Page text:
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McCarthy On Expanded Safe Passage Program: ‘This Is True Community Policing’

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Updated 08/26/13 – 11:25 a.m.

CHICAGO (CBS) – The city’s top cop said he’s pleased with how things have been going so far, as children head back to their first day of classes.

WBBM Newsradio’s Regine Schlesinger reports Police Supt. Garry McCarthy – whose department has been preparing for this day for months – said the first day of the expanded Safe Passage program has gone smoothly so far.

McCarthy said the tumult of transferring nearly 13,000 kids to new schools, because of the closing of 49 elementary schools, has had a silver lining.

“I’m seeing small groups of kids being walked to school by their parents, or their older brothers or sisters,” he said. “This goes to the heart of what we’ve been talking about since I’ve been here, which is … to me, this is an opportunity. This is true community policing.”

With a heavy visible police presence along the Safe Passage route for Charles W. Earle Elementary School at 62nd and Seeley – which replaced the now shuttered Goodlow Elementary Magnet School – and a police helicopter hovering overhead, McCarthy said, despite a few glitches, everything has been going well.

The Safe Passage program was added at 53 new schools this school year, after the Chicago Board of Education approved closing 49 elementary schools and one high school program in May. Another 35 schools already had Safe Passage routes in place.

In the Roseland neighborhood, underlying tension between schools now merged into one led to a show of force to keep kids safe.

Aside from police, city workers from several different agencies turned out to provide extra security along the Safe Passage route for Haley Elementary School, which was taking in students from nearby West Pullman Elementary.

In the past, students at the two schools have had an ongoing rivalry, which prompted tight security for the first day of class.

The goal is to make sure every morning is a good one, so Safe Passage workers, police, and other city workers have been assigned to line the route between Haley and the closed West Pullman campus.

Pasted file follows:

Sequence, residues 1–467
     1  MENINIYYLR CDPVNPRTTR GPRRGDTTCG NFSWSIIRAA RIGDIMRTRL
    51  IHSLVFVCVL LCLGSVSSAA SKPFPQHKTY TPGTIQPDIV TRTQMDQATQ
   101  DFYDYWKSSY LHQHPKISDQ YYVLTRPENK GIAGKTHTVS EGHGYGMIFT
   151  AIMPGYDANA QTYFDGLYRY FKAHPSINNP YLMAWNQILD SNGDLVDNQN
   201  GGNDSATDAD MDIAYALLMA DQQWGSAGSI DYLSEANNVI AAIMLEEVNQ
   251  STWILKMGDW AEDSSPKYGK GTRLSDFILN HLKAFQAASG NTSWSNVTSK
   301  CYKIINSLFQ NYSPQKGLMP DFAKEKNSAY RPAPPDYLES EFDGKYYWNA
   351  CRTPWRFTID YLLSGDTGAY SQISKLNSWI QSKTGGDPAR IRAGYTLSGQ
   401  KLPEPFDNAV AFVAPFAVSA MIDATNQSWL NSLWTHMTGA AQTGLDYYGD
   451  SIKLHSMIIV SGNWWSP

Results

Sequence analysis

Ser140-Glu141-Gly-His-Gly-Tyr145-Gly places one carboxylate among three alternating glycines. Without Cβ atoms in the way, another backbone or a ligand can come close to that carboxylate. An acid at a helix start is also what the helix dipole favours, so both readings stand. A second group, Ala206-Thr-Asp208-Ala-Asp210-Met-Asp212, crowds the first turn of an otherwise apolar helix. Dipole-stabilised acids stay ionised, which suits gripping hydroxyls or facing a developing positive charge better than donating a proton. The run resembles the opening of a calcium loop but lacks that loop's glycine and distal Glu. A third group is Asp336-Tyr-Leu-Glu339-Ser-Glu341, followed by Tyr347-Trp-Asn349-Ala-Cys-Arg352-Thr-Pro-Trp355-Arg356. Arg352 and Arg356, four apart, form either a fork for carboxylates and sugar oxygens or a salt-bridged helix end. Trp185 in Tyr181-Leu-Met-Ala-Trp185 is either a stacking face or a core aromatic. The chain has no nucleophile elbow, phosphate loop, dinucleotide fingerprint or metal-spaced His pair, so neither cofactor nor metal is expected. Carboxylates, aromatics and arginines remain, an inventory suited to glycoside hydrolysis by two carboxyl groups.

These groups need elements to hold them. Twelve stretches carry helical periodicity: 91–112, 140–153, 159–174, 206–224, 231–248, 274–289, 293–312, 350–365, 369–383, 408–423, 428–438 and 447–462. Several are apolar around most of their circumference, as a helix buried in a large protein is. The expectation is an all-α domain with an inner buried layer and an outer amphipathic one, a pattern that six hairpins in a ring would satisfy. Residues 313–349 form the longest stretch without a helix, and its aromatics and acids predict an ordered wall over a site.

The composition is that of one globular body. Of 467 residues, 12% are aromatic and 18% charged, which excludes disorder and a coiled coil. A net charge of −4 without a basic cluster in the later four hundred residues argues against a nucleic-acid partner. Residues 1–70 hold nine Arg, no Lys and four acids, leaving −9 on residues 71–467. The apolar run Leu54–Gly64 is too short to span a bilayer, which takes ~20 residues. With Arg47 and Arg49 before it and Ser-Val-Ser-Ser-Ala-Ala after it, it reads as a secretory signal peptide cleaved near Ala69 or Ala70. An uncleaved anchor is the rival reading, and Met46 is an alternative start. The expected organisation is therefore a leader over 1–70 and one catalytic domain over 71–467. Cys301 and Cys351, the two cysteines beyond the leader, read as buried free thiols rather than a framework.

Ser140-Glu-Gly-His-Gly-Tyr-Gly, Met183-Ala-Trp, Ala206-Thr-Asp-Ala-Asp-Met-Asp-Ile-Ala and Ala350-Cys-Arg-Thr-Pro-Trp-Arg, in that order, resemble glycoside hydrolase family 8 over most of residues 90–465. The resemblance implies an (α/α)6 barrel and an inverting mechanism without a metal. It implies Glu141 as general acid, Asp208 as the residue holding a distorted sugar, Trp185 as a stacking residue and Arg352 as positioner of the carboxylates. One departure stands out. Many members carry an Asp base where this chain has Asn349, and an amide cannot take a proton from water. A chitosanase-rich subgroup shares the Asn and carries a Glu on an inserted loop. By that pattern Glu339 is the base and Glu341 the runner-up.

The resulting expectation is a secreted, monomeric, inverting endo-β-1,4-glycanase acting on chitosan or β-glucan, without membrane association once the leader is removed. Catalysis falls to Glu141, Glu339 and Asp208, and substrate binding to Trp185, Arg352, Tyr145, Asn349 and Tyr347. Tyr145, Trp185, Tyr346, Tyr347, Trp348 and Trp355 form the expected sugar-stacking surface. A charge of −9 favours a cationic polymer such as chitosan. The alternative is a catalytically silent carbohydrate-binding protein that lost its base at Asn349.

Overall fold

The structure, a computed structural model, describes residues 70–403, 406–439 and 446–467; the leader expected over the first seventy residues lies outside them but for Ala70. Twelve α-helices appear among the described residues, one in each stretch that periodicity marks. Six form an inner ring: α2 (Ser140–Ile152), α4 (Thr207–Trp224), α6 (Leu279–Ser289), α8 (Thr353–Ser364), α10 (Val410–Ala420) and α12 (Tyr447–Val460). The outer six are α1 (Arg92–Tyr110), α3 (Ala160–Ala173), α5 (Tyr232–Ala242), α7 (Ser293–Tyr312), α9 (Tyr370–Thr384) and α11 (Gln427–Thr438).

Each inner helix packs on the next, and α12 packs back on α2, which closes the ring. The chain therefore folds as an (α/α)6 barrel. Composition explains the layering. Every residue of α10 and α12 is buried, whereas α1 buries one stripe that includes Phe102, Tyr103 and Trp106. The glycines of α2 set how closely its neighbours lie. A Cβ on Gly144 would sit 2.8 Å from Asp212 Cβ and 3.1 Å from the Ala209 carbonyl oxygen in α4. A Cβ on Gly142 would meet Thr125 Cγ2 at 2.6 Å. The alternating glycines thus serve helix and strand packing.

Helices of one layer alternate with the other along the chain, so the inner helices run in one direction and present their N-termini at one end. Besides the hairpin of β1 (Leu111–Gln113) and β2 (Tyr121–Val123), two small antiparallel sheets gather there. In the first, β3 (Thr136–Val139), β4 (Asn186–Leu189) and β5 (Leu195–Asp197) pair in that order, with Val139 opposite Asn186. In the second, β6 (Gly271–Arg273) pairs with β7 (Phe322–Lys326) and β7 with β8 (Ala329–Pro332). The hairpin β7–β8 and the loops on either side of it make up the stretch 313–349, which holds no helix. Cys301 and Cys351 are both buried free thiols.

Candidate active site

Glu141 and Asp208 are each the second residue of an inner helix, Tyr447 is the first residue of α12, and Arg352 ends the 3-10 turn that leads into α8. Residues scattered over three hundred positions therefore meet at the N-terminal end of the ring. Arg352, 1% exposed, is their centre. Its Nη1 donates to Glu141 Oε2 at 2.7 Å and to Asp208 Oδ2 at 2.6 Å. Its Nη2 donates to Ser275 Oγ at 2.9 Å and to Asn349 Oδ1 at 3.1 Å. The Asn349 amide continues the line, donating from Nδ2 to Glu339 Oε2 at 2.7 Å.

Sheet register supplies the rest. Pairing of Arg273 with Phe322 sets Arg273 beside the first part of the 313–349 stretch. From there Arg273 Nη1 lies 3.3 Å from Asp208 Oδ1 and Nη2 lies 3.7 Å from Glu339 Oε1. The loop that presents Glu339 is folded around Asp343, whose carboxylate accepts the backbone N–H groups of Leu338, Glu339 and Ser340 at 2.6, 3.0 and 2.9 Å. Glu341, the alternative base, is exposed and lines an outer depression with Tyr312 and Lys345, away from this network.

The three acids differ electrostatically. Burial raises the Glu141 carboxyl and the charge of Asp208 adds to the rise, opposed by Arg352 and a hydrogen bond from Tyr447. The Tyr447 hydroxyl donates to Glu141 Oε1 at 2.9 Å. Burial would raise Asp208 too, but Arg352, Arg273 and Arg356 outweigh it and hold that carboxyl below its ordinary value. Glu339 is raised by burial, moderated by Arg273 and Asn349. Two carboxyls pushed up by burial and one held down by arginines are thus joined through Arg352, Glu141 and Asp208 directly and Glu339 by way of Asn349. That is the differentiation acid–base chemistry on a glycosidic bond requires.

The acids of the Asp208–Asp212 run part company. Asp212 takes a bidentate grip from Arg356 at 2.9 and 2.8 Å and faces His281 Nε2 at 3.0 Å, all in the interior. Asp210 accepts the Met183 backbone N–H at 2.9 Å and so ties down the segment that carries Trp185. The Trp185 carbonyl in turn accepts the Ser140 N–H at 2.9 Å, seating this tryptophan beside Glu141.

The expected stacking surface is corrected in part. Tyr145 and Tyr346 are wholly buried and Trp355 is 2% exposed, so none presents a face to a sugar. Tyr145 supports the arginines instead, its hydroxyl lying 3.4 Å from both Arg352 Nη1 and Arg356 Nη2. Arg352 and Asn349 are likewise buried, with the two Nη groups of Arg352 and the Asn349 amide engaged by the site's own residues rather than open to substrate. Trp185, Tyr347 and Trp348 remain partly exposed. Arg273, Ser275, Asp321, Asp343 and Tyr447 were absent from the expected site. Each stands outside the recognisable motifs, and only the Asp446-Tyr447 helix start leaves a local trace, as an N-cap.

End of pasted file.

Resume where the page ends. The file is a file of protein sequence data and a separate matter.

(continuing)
Safe Passage workers admitted their presence at Haley is critical.

“This is a hot area,” Safe Passage supervisor Bob Jackson said. “West Pullman is closing. That’s one set of gangs over there, and this area’s saturated with cliques and gangs.”

Police officers on foot patrol, and in both marked and unmarked squad cars were patrolling the area Monday morning. Other city workers in orange and yellow vests stood on street corners to keep an eye out for trouble, and help calm parents’ concerns.

For some parents, however, it still wasn’t enough.

“I got a little safe ability with them being out here, but mine ain’t going to be as safe, and I’m not going to feel as safe as I am, unless I’m walking mine myself,” Diane Bernard said. “So I will be a momma getting up every morning, walking my kids to school, even though they is out here.”

During the past three weeks, eight people have been shot along Safe Passage routes, though all of those shootings occurred before school started and the routes were staffed by trained Safe Passage workers, police officers, and other city employees.

The most recent shooting along a Safe Passage route was late Sunday night, when a 28-year-old man was shot in the neck in the 1400 block of South Tripp Avenue.

A week ago, five people were shot along a Safe Passage route in the Uptown neighborhood. One victim later died. Two weeks ago, two people were shot along a route in Bronzeville. One victim died in that shooting.

The superintendent said there are still challenges ahead, and added if this were a football game, it would still be the first quarter.

“We deploy based on crime trends. There’s obviously going to be greater challenges in the afternoon than there are in the morning, okay? And we recognize that, and we will deploy accordingly,” he said.

Asked about three children shot on Sunday, one of them a 14-year-old killed in West Garfield Park, McCarthy pointed to crime statistics showing a dropping murder rate in Chicago, and offered his oft-repeated refrain of “progress, not success” in the fight against crime.

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